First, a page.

By James Melik
Business reporter, BBC World Service
A clause in the US economic package which President Barack Obama hopes to get approved by the Senate has raised fears that the world will revert to protectionist measures witnessed during the Great Depression of the 1930s.
The "Buy American" clause seeks to ensure that only US iron and steel are used in projects funded by the bill.
I don't think they want to take a protectionist route but the domestic pressures are so overwhelming that they are caught in kind of a Greek tragedy
Professor Jeffrey Garten, Yale School of Managment
Politicians and economists around the world have expressed concern, saying it is the worst signal that President Obama could send out.
"We know by experience that erecting obstacles to trade will make things worse," says Pascal Lamy, director-general of the World Trade Organisation (WTO).
"At times of global economic crisis, enemy number one is isolationism.
"Protectionism can only exacerbate the situation, as it did after the Great Wall Street Crash of 1929," he adds.
But a former US Treasury official warns that, for domestic political reasons, Mr Obama will have to back the Buy American clause to ensure his stimulus bill is passed by Congress.
In the l930s, tariffs soared to unprecedented levels as countries sought to protect their domestic markets.
In particular, in 1929 an ill-conceived tariff law was introduced to protect US farmers and industries.
Under the Smoot-Hawley tariff, duties of more than 60% percent were slapped on 3,200 imported products and by 1933 imports into the US had fallen from $4.4bn to $1.3 bn, while exports had decreased 69% over that same period.
The tariff law ignited a domino effect of retaliation and counter-retaliation among trading partners, which contributed to a severe contraction of international trade, decimated growth and drove up unemployment around the industrial world.
Although tariffs alone were not responsible for what became known as the Great Depression, they did nothing to resolve the fundamental issues brought about by a fixed exchange rate system anchored by the price of gold.
The depression had a devastating effect in virtually every country as international trade plunged by two-thirds, as did personal income, tax revenue, prices and profits.
At the depth of the depression, in 1933, one American worker in every four was out of a job - in other countries unemployment ranged between 15% and 25% percent of the labour force.
Those historical figures are fuelling fears that the world economy is spiralling into the abyss, but Professor Jeffrey Garten at the Yale School of Management says there are greater causes for concern.
He was Undersecretary of Commerce for International Trade during the Clinton presidency and says he is opposed to the inclusion of the "Buy American" clause- but he warns it may be a political necessity.
"If Obama took that clause out, he would have a very hard time getting the stimulus package approved and the US economy would really go into the tank," he told World Business News.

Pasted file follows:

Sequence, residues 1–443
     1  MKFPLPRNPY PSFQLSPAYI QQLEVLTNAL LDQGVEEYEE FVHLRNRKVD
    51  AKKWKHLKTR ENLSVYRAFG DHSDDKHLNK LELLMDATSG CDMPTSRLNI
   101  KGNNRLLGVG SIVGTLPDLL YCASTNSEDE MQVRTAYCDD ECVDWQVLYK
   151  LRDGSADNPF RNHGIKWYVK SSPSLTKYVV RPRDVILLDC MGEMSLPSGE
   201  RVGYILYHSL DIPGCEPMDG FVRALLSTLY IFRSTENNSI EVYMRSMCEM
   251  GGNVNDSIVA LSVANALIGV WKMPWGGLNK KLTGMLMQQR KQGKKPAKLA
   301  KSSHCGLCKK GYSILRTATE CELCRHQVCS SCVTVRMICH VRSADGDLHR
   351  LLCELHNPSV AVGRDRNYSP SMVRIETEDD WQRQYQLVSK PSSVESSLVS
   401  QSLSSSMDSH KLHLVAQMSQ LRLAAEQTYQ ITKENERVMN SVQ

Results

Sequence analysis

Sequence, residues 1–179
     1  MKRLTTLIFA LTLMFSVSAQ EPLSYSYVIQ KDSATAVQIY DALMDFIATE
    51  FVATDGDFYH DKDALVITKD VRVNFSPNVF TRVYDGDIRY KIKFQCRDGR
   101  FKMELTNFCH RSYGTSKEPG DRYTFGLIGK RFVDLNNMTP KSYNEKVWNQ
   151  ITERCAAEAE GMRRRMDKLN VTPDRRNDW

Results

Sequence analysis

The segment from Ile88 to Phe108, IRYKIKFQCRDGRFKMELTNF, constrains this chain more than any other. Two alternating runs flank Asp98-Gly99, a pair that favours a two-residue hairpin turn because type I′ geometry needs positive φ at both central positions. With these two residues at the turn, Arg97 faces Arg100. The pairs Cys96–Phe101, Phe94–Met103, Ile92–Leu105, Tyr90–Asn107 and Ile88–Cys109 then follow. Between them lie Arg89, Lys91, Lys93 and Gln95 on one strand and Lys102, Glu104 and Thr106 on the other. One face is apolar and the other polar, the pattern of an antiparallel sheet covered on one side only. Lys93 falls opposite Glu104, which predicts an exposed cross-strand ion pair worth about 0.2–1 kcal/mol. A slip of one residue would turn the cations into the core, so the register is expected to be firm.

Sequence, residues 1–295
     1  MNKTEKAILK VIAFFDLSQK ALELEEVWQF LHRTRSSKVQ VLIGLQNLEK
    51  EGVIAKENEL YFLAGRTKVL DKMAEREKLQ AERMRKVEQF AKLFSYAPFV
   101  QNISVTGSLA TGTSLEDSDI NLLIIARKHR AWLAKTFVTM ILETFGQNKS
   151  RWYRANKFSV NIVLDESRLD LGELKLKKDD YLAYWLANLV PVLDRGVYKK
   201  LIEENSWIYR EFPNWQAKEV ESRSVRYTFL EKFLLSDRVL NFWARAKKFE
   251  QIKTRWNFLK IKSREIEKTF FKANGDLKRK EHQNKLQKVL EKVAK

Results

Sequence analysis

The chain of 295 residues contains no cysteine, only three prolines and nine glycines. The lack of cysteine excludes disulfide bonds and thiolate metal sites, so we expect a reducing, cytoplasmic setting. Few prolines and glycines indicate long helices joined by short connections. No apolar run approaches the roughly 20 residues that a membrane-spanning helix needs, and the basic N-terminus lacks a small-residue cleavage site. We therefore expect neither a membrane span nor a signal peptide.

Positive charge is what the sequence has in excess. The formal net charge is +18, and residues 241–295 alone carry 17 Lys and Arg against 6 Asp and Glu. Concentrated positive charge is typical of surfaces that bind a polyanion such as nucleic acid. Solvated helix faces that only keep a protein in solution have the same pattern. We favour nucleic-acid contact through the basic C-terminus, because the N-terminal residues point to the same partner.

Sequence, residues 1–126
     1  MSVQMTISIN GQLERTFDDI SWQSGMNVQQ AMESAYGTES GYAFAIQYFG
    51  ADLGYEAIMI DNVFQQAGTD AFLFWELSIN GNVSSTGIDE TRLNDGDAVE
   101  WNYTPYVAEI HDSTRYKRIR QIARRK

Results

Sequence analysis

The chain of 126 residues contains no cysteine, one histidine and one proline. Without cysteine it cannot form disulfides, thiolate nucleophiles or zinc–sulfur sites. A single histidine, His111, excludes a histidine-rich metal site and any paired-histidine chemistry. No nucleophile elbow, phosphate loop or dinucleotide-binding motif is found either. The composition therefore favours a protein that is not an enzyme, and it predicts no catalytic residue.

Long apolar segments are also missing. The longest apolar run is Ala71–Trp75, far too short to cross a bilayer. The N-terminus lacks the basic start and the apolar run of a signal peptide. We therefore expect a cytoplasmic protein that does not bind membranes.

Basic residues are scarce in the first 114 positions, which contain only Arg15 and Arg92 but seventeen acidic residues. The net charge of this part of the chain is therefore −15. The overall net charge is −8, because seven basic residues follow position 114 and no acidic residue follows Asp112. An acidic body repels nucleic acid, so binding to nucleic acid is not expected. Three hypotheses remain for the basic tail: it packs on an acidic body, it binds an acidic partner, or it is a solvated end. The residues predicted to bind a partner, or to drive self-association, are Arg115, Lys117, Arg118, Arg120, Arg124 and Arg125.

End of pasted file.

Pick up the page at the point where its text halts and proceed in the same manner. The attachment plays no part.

President Obama is not the only world leader who has expressed a need to protect workers at home - although he has since made it clear that he wants to avoid a trade war.
An eye for an eye makes the whole world blind
Britain's Prime Minister Gordon Brown recently warned against the US bailing out its struggling automakers, arguing that global competition has made their decline irreversible.
He also promised British jobs for British workers - a slogan now being used by striking oil refinery workers about jobs being offered to Italian and Portuguese rivals.
"Whether you look at the US or the EU or China, the leaders are in an impossible position," Professor Garten says.
"I don't think they want to take a protectionist route but the domestic pressures are so overwhelming that they are caught in kind of a Greek tragedy."
He maintains that any one measure is not cataclysmic but, taken together, they could have a corrosive effect on global growth which is based so much on international trade.
There are worries that once cooperation in the trade arena breaks down, you are not very far away from non-cooperation on a lot of other issues.
"It could lead to a difficulty in dealing with issues such as incorporating countries like China, India and Brazil into the global economy," he says.
He also warns that a protectionist environment will hinder the restructuring of some of the world's major industries such as banking, autos, aircraft or telecommunications.
There have been recent examples where an increased openness to trade, rather than protectionism, has been instrumental in helping economies recover.
During the Asian crisis in the late 1990s, the developing countries of the Pacific Rim increased their exports to rich countries by tens of billions of dollars.
"Those increased exports helped the Asian countries stabilize their economies and regain prosperity," Mr Lamy says.
"Trading their way out of the crisis was as vital to the countries of the Pacific Rim as the Marshall Plan was to Europe after World War II," he insists.
Most economists agree that raising barriers to trade in the midst of the worst global downturn in decades would be folly.
Mr Lamy quoted Mahatma Gandhi who said: "An eye for an eye makes the whole world blind," as he urged governments against sliding down the slippery slope of protectionist measures.
But there are an increasing number of aid packages for various sectors, a rising wave of anti-dumping actions, and more buy-national programs around the world.
In this era of globalisation, there seems little chance that the good times will be blowing anybody's way in the immediate future.
Tariff rates on selected articles, 1921 and 1930
Abraham Berglund, "The Tariff Act of 1930", American Economic Review 20 [Sept. 1930]
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